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The Chicago Plan Revisited

  • Michael Kumhof
  • Jaromir Benes

At the height of the Great Depression a number of leading U.S. economists advanced a proposal for monetary reform that became known as the Chicago Plan. It envisaged the separation of the monetary and credit functions of the banking system, by requiring 100% reserve backing for deposits. Irving Fisher (1936) claimed the following advantages for this plan: (1) Much better control of a major source of business cycle fluctuations, sudden increases and contractions of bank credit and of the supply of bank-created money. (2) Complete elimination of bank runs. (3) Dramatic reduction of the (net) public debt. (4) Dramatic reduction of private debt, as money creation no longer requires simultaneous debt creation. We study these claims by embedding a comprehensive and carefully calibrated model of the banking system in a DSGE model of the U.S. economy. We find support for all four of Fisher's claims. Furthermore, output gains approach 10 percent, and steady state inflation can drop to zero without posing problems for the conduct of monetary policy.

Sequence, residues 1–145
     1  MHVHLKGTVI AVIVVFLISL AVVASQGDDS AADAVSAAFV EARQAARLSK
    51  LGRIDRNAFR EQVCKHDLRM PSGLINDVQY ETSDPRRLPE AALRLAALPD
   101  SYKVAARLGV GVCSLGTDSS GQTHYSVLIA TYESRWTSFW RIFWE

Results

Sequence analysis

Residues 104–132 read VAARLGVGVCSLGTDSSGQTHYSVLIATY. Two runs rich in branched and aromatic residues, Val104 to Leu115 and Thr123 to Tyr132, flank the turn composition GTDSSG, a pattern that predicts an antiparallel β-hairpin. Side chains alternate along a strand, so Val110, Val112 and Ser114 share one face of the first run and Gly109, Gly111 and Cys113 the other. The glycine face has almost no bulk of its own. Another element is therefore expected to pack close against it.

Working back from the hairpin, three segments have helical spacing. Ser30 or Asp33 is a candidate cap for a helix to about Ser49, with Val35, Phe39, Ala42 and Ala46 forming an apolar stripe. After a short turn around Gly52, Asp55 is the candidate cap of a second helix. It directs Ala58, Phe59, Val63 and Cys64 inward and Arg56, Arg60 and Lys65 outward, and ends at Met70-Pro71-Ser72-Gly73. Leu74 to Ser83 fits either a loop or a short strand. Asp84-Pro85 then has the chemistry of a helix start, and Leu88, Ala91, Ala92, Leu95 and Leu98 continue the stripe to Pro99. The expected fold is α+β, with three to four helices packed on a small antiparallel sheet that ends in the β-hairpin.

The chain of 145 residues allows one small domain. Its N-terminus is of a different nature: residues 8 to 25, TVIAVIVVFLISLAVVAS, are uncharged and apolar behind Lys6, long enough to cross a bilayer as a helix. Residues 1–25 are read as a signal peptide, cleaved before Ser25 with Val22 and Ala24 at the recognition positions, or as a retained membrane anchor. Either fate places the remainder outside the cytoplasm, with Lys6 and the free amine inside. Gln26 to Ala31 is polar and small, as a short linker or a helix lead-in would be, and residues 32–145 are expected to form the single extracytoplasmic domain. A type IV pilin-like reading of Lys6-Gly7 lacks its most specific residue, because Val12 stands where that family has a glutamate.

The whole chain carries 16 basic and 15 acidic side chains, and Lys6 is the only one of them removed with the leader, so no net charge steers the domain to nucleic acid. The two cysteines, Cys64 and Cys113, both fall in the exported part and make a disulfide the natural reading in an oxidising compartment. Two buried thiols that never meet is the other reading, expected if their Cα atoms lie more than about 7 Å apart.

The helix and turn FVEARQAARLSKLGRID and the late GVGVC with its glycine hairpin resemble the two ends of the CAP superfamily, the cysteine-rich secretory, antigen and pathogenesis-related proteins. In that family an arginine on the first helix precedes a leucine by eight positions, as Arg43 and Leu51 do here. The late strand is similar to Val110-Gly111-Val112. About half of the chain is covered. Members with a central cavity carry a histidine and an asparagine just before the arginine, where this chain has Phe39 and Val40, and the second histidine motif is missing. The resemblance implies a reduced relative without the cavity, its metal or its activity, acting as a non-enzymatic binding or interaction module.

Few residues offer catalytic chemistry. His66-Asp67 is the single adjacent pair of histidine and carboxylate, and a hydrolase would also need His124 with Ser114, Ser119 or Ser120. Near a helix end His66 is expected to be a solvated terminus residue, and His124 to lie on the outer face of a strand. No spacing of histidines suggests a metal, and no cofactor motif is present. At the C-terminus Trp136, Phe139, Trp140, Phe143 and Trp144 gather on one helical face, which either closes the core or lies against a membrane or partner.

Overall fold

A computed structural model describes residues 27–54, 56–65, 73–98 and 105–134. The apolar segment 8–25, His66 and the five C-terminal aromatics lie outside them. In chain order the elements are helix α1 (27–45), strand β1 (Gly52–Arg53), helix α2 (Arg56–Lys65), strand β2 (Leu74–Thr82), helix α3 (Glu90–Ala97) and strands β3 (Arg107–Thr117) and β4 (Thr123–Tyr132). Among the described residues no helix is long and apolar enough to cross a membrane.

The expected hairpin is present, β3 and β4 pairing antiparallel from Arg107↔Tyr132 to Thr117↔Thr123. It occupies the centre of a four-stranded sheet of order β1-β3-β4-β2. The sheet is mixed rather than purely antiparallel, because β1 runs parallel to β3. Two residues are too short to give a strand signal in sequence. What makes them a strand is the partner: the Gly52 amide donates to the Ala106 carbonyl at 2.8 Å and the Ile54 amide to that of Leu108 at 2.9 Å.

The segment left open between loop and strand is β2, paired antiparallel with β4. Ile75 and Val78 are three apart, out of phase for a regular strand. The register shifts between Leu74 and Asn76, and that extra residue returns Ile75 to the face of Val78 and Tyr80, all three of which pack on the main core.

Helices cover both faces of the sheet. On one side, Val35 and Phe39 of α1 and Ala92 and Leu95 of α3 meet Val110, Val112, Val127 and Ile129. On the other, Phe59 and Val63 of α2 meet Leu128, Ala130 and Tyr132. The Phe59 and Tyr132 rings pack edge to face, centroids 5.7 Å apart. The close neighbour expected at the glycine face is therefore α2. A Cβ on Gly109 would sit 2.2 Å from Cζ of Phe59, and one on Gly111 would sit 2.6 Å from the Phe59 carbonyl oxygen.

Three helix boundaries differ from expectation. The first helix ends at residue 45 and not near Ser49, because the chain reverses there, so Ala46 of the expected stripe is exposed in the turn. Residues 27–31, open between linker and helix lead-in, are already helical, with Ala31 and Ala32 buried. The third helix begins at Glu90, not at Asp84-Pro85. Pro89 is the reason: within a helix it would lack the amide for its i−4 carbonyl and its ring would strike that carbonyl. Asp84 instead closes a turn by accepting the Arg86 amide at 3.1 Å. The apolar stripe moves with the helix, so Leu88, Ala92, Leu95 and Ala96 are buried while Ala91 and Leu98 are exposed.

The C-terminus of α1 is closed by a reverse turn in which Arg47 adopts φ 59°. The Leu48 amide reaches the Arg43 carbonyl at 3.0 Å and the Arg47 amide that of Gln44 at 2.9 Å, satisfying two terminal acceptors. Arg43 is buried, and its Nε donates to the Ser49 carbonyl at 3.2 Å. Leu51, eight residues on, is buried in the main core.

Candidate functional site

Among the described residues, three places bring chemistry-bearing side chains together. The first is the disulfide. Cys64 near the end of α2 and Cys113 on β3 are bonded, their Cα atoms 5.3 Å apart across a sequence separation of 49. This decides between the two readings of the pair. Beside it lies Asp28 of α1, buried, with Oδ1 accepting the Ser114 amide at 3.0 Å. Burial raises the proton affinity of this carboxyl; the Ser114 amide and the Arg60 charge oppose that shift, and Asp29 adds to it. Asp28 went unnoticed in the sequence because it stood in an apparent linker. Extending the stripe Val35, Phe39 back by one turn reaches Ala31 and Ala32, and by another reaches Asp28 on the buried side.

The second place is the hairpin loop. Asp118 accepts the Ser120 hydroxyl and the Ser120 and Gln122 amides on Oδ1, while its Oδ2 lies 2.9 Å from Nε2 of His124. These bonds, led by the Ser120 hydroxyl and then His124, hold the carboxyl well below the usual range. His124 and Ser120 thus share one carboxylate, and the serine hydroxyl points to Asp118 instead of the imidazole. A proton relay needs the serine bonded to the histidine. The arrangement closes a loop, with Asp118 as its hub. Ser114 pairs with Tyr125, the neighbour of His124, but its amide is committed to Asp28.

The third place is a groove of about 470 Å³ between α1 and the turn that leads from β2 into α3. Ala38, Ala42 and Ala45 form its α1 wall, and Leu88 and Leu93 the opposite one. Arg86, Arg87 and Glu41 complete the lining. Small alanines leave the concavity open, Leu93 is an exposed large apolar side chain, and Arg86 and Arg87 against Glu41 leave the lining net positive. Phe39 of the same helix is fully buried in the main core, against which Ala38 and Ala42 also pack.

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Paper provided by International Monetary Fund in its series IMF Working Papers with number 12/202.

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Length: 71
Date of creation: 01 Aug 2012
Date of revision:
Handle: RePEc:imf:imfwpa:12/202
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  1. Todd Keister & James McAndrews, 2009. "Why are banks holding so many excess reserves?," Staff Reports 380, Federal Reserve Bank of New York.
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